This post is taken from “The Science of Finding Flow,” an online course I created as a companion to my book The Sweet Spot: How to Accomplish More by Doing Less. I’m sharing one “lesson” from this online class per week here, on my blog. Want to see previous posts? Just click this The Science of Finding Flow tag. Enjoy!

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Want to Feel Appreciated on Mother’s Day?

Here’s an icky confession: I used to dread Mother’s Day.

When I first became a mother, the holiday somehow left me feeling unappreciated. I tended to get in a funk, and not out of grief or some sort of well-defined pain — I can only imagine how hard Mother’s Day must be for someone who has lost their mother. I felt bad in a bratty way, like a toddler who is pissed that she’s not getting what she wants. The worst version of myself has typically made her appearance, ironically, on the day that we were supposed to be celebrating my best, most beloved, self.

What is it that left me so resentful on Mother’s Day? What did I want so much that I wasn’t getting?

Until a couple of years ago, I thought it was about gratitude. I wanted to be appreciated on Mother’s Day in the way that we used to show appreciation to my mother. Research shows that when we express gratitude in our relationships, we become more attuned to our family member’s efforts on our behalf. I was hoping for a little more attunement to all the work I do as a mom — mostly from my husband, but also the kids.

Until last year, I always dreaded — no, hated — Mother’s Day. Click To Tweet

At least the way I remember it (I’m a little afraid to ask my mom for verification; it just now occurred to me that my memory is probably a little rosy), we’d bring my mom breakfast in bed, showering her with homemade cards and gifts. My dad would give my mom a funny card and a gift that he’d bought. We’d take a family bike ride on the path around St. Mary’s College, with a picnic that my dad and I packed with help from the deli at Black’s Market. Norman Rockwell could’ve painted us.

None of that actually seems hard to recreate, but for the love of God my family has never even come close. The worst Mother’s Day I ever had was the year that I lowered my expectations and then laid them out clearly for my husband. “I’m fine with no gifts,” I explained, “So long as there are cards and a family activity.” This did not happen.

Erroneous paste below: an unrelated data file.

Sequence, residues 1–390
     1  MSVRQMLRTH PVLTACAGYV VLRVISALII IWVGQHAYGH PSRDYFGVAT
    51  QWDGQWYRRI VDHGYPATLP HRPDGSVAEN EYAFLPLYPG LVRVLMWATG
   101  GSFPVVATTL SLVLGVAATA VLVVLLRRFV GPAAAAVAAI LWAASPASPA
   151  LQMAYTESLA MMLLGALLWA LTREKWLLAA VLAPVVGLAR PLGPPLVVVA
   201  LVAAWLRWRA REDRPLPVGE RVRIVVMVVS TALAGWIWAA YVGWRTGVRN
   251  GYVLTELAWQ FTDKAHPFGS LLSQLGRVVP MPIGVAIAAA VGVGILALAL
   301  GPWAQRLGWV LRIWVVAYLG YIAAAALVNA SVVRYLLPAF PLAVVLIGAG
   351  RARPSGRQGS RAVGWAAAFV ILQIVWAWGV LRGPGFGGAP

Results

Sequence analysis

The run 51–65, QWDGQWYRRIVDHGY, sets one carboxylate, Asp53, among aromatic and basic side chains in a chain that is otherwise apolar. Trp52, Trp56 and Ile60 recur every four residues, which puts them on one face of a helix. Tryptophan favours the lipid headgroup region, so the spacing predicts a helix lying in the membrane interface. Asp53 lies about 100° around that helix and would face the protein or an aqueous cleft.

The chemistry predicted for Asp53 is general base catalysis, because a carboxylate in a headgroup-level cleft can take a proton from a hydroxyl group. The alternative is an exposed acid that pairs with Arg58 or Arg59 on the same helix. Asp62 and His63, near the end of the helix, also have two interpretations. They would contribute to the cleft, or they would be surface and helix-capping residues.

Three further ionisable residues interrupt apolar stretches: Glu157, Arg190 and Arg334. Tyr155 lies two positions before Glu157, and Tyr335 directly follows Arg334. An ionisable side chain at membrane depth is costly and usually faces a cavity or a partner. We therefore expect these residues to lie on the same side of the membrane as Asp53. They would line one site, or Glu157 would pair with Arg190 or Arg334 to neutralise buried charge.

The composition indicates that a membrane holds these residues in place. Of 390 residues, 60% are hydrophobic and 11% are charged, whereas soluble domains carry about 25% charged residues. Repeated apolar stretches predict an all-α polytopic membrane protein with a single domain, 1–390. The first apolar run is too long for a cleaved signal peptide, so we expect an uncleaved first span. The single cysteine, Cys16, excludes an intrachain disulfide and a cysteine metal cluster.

For the record, three of the four children made me BEAUTIFUL, heartfelt Mother’s Day cards. They were practically set to music they were so thoughtful and moving.

But that was not enough for me.

Expectations, even low ones, are a tricky thing. Unfulfilled, they set us up to ruin what is actually happening by ruminating over what we think ought to be happening. Painful thoughts — How could he not do this for me given all I do for this family??! Does he not appreciate me at all? — start to loop endlessly, triggering waves of disappointment.

So how could I, once and for all, make Mother’s Day different? I had already lowered my expectations to no material gifts, and that didn’t help me much; I’m not sure I can lower them to nothing. In past years, I’ve made a massive effort to focus on myself less by helping others, but ultimately, even that didn’t really prevent me from feeling unappreciated myself. I felt entitled to a little gratitude, dammit.

(Let’s not miss the irony here: Entitlement is the opposite of gratitude. Rarely do we attract the opposite of what we feel. Just as we don’t foster other people’s love by lashing out at them, my unbridled sense of entitlement wasn’t exactly generating a mountain of appreciation.)

Emotional traps like this — obsessing over my feelings of unmet expectations — are usually triggered by a mistaken belief. So where was the error in my thinking?

I really was feeling unappreciated by my husband, Mark. I felt like I sacrificed more for our family and children, and that he should recognize and feel grateful for that. I held a deep seated conviction that I gave more. I spent more time doing the hardest parenting work, creating and enforcing structure and discipline, managing the near-constant drama of life with three teenage girls and an active adolescent boy.

Now, I should mention that, according to research, I am not alone in believing that I do more for our family than Mark — but I might not be correct. When researchers add up the percent of work each person in a couple says he or she does, they consistently find that the total ends up being more than 100 percent. So if a mom says she does 65 percent of the household work, and her husband says he contributes a solid 50 percent . . . there is a 15 percent error in there somewhere. Perhaps this was the heart of my mistaken belief?

My Mother’s Day funk did grow out of my belief that I do and sacrifice more for our family than my husband does. And weirdly, I somehow thought that this seemingly massive imbalance could be righted through a Mother’s Day display of profound appreciation.